Third, aspiration of the cortex is performed with a monomanual I/A handpiece. This handpiece is covered with the same sleeve that is used with conventional ultrasound handpieces. The advantages include easier exchange of the handpiece if necessary and optimal wound closure. With use of a monomanual I/A handpiece, incision size is limited to 2.2 or 2.4 mm and one 1.5- mm paracentesis during the entire operation. Only minor wound enlargement may be necessary depending on the size of IOL chosen. Following IOL implantation, the monomanual I/A handpiece enables unproblematic removal of the ophthalmic viscosurgical device. Alternatively, bimanual I/A handpieces can be used; however, for this two paracenteses are necessary.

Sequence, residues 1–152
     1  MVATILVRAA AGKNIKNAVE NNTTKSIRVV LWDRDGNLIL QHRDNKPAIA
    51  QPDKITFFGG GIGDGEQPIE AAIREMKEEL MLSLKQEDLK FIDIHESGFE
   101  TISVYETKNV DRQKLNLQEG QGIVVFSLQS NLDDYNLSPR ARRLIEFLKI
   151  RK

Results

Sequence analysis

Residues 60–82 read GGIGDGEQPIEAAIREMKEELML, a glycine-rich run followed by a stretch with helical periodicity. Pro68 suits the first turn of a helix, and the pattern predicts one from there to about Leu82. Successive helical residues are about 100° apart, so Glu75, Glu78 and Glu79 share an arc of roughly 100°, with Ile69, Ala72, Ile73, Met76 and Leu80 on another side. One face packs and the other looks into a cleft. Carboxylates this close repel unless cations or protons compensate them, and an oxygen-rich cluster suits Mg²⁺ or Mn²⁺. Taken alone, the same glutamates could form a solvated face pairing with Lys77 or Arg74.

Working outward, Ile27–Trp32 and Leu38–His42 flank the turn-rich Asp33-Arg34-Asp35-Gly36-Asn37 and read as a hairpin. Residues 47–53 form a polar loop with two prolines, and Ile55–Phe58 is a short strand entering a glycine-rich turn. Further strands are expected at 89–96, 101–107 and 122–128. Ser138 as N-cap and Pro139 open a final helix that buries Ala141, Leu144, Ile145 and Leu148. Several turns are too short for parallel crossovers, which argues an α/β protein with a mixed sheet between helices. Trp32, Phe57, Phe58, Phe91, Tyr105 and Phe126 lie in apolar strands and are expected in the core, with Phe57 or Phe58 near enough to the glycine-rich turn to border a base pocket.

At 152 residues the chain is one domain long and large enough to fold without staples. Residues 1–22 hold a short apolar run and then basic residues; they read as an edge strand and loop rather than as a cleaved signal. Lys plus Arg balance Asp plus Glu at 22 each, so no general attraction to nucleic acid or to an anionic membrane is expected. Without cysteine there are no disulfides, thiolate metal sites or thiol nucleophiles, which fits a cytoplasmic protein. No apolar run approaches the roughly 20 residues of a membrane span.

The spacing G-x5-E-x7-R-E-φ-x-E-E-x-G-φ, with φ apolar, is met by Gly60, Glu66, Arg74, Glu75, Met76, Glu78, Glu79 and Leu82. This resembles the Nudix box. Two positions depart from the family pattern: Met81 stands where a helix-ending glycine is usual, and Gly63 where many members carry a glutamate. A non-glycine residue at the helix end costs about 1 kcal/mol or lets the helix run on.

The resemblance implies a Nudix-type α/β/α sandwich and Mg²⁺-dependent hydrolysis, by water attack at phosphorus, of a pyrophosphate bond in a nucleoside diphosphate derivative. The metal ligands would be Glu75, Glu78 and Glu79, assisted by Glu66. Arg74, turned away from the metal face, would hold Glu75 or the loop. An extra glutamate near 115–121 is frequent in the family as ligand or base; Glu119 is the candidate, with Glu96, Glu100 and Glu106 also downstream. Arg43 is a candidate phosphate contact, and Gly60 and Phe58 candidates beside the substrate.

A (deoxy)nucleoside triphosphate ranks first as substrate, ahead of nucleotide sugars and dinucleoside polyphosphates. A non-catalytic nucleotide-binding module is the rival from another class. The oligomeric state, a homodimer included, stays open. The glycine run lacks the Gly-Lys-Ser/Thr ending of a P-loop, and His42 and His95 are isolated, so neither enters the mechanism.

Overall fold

Fourth, system settings should be comparable to those used with larger incisions (at least 2.8 mm).

CMP offers optimal anterior chamber stability and a better view for the surgeon, in particular when using balanced saline solution in patients with small or decreasing pupil size. In our experience, CMP has a shorter learning curve than bimanual phaco or laser phaco.

Samuel Masket, MD, of Los Angeles found that the average induced astigmatism was 0.10 D with CMP, compared with 0.32 D with 3 mm-incision phaco.1 Induced astigmatism could be ascribed to the position of the incision. Dr. Masket also found that the average IOL rotation was 13.1º with CMP compared with 19.1° with conventional phaco. His results showed overall that incisions following CMP were more stable and less prone to postoperative deformation, leakage, and infection.